Could You Live on $1,543 a Month? If Not, Then You'd Better Do This to Save Your Retirement | Smart Change: Personal Finance

April 18, 2021

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In this regard, you have choices. If your employer offers a 401(k) plan, you can sign up and have contributions deducted directly from your paychecks. Currently, 401(k)s max out at $19,500 a year for savers under 50, and $26,000 a year for those 50 and over. Plus, with a 401(k), you may be entitled to an employer match that puts extra money into your account.

If you don't have access to a 401(k), open an IRA. Though IRAs come with lower yearly contribution limits -- $6,000 if you're under 50 and $7,000 if you're 50 or older -- they typically offer a much wider range of investment choices than 401(k)s, so there's that benefit to enjoy.

Now, say you're midway through your career and haven't yet opened a retirement plan. Are you in trouble?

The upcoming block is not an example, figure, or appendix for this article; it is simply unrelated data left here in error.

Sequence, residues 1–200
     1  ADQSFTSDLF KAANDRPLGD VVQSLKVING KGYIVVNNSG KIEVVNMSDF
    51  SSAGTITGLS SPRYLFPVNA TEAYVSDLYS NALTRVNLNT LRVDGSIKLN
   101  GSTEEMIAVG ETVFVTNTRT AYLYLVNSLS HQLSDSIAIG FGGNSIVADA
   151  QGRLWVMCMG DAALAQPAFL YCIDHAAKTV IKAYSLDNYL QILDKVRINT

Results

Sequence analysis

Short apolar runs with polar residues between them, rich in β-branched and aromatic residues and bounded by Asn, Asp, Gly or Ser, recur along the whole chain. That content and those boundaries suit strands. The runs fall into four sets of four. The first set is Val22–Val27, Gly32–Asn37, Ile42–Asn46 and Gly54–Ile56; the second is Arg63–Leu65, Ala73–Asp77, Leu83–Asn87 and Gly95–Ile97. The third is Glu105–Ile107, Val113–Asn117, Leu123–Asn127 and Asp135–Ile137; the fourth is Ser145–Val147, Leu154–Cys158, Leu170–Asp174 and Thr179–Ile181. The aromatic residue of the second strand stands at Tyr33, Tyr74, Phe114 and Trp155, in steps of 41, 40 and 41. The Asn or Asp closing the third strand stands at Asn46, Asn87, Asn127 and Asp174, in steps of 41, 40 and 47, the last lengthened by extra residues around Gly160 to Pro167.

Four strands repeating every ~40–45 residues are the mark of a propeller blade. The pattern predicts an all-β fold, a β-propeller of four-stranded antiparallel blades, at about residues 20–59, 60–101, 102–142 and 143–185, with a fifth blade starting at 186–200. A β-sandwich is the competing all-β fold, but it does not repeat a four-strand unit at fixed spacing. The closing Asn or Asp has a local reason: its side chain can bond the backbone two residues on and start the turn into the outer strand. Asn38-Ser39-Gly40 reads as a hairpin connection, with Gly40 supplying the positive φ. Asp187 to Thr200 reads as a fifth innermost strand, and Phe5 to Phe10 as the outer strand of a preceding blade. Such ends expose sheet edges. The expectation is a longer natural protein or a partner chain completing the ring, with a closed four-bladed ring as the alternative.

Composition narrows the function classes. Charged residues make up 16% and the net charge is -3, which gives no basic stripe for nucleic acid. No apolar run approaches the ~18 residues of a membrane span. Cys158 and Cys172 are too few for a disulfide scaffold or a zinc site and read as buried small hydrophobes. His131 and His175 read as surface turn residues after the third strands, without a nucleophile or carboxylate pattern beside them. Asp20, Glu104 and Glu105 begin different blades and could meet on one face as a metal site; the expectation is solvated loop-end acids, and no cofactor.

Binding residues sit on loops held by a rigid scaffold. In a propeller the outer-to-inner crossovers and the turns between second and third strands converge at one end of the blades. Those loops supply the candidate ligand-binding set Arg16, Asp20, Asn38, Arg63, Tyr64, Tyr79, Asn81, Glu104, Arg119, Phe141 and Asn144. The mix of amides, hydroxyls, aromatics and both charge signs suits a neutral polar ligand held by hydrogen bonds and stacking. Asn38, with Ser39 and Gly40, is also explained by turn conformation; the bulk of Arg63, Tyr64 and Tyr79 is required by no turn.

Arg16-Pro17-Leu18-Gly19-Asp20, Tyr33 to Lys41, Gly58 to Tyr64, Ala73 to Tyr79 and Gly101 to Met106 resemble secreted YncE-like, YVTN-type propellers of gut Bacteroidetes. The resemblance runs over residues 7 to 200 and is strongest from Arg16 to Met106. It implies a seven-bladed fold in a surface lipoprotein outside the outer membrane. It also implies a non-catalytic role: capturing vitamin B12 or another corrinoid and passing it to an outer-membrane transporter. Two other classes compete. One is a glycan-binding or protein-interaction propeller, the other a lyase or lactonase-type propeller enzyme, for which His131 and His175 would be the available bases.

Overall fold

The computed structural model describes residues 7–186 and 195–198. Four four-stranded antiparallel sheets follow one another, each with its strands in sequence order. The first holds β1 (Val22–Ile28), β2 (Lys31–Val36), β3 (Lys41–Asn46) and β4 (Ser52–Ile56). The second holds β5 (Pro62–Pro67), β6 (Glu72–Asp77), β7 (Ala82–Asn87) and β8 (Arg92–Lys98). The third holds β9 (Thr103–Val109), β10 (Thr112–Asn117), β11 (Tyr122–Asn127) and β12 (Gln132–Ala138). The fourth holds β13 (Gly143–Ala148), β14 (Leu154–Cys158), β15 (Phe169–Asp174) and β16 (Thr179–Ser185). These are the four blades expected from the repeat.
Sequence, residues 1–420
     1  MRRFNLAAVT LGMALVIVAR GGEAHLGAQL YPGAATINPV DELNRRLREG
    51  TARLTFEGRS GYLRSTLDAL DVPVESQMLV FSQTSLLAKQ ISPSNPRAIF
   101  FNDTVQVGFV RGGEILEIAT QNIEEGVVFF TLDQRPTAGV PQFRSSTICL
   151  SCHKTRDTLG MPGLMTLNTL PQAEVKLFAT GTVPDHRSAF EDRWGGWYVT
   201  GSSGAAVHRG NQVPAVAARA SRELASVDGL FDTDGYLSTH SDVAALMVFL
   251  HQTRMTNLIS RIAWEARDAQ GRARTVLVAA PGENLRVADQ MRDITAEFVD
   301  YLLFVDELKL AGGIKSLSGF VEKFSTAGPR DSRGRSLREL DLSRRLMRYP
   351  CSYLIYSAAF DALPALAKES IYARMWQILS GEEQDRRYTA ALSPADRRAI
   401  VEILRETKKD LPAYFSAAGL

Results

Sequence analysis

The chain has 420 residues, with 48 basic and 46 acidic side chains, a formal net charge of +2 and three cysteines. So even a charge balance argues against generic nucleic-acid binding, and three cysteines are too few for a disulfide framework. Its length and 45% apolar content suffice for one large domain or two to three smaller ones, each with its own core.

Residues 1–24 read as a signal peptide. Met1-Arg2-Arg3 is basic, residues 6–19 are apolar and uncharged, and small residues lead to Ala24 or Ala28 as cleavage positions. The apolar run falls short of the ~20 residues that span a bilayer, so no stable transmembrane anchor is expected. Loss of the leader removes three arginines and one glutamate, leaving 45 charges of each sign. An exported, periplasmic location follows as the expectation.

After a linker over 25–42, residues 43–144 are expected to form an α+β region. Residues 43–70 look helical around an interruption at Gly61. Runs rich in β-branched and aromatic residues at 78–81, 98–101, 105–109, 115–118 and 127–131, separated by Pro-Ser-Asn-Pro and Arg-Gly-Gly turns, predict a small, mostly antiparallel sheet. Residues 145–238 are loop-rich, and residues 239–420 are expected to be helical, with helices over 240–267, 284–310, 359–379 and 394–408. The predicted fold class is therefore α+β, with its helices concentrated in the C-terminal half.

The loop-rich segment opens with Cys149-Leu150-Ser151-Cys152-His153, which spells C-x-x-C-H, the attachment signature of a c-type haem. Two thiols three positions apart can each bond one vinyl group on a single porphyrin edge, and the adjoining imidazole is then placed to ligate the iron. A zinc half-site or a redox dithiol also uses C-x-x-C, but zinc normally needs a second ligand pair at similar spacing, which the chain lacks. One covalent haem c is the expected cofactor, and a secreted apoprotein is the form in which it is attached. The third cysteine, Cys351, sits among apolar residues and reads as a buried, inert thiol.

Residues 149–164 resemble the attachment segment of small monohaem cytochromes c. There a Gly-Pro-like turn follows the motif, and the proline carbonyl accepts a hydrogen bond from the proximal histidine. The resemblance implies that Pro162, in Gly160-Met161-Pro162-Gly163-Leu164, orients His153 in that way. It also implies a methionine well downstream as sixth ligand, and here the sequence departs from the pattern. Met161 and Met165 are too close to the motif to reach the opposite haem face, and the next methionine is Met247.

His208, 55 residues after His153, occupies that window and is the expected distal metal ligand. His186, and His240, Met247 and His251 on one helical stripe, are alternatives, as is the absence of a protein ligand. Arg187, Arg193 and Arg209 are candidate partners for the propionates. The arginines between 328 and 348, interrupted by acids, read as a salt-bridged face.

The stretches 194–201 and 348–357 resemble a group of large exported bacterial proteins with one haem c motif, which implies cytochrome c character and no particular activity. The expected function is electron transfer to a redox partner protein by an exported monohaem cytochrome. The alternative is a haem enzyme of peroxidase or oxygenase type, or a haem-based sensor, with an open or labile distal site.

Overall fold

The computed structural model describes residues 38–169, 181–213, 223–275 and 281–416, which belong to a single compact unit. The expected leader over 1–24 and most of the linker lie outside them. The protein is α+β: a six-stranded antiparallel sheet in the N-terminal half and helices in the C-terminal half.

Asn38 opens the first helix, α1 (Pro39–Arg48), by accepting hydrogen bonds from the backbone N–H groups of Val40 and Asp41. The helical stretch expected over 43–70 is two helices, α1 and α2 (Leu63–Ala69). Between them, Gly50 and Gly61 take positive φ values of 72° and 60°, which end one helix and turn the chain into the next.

The good news is that you're not -- provided you start playing catch-up immediately. But let's say you're 45 and want to retire at 67, which would actually be your full retirement age for Social Security purposes. If you manage to sock away $500 a month in either a 401(k) or an IRA for the next 22 years, and you invest heavily in stocks so that your money enjoys an 8% average annual return (which is several percentage points below the stock market's average), you'll end up with about $333,000. And if you decide to retire at age 70, you'll be looking at $438,000, assuming that same return and monthly contribution (yes, three more years of saving and investing really can make that much of a difference).